I don’t know which drive contains which operating system or which one of the drives is my data drive.
Would anything bad occur if I remove one of them, set the BIOS to boot from Windows 7, and see if it boots. Then remove another until it does not boot? Would the P0, P1, P2 parts change? In other words, is the boot disk always P0? Can I use the P0, P1, P2 as indicators of what each drive contains because it will never change regardless of what is selected for “SATA Mode Selection:”? ( This is where I make the change to RAID or AHCI).

Well, the p0/p1/p2 correspond to the three drives and PROBABLY they stay the same inside the OS...But wether they stay the same in the OS depends on the BIOS, and may be a part of why your having the issues. If you have a stand-alone PE (even using something like PMagic), one good test would be boot off of it with the disks disabled, and then enable them one by one to see which is which and if the drive numbers change

So, let me make sure I understand.

  • Set my BIOS to boot to XP (SATA Mode Selection: RAID)
  • Set my BIOS to boot from CD at the top of the list.
  • Boot with the XP Pro installation CD.
  • Do the F6 dance to install an AHCI driver (which I don’t have)
  • Complete the Repair of my XP operating system.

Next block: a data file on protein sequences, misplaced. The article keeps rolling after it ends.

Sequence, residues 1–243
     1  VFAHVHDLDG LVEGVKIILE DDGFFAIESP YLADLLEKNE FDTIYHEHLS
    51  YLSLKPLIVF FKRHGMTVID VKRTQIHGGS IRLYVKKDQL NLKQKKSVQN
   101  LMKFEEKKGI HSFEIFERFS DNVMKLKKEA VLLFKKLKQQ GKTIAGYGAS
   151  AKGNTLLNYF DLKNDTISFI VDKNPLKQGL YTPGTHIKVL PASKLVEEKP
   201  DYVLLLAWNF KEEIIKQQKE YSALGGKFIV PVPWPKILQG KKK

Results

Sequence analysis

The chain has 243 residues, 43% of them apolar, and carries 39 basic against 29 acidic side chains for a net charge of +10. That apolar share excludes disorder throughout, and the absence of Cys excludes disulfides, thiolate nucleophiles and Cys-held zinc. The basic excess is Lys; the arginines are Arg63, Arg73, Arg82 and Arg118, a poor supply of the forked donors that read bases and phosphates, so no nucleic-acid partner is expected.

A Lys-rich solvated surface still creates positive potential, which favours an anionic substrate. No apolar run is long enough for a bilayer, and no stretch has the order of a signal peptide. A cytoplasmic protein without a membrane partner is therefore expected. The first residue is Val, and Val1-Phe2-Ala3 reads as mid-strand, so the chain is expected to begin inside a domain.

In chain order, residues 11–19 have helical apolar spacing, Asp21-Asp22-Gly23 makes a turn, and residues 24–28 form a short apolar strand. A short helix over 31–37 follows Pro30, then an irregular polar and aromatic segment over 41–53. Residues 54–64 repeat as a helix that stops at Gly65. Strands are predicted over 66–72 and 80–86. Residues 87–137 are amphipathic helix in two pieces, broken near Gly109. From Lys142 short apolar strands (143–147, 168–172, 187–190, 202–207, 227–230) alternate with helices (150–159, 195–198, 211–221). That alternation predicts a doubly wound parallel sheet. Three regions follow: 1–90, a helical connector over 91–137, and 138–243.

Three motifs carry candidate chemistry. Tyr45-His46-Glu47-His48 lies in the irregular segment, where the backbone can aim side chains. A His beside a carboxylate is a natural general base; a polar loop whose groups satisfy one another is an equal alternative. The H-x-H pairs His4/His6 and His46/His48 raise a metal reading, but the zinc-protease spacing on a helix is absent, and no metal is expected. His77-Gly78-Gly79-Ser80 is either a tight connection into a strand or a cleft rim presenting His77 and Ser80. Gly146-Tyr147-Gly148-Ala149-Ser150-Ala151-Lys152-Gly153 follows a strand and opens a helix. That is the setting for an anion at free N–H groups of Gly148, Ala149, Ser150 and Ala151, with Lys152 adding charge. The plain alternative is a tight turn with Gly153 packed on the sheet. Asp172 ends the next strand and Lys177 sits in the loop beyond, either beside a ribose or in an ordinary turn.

• Set my BIOS to boot to Win 7 (SATA Mode Selection: AHCI)
  • Boot with the Win 7 installation CD.
  • Complete the Repair of my Win7 operating system.
  • Put back my working (existing) EasyBCD 2.0 file.
  • That is all.

Close, but not exactly...Normally, you NEVER changed the disk boot order - right? Do you even have the ability to switch P0/P1/P2 order for booting. Some BIOS allow you to set HD boot order, others only allow you to select CD/HD/USB/Floppy as a category, and not individual device if there is more than one.

So, can you set a specific hard disk device as the BOOT drive? If so, how is it set? What we would like to see (I think) is that it is booting off of the 1st hard disk (P0), and that is where XP is loaded - but in the second partition. If that is the case, you should be able to do the repair - NOT do any F6 dance, and end up with a system that boots directly into XP...i.e. the XP "repair" replaces the MBR to boot directly into NTLDR, which uses the Boot.ini to boot into XP.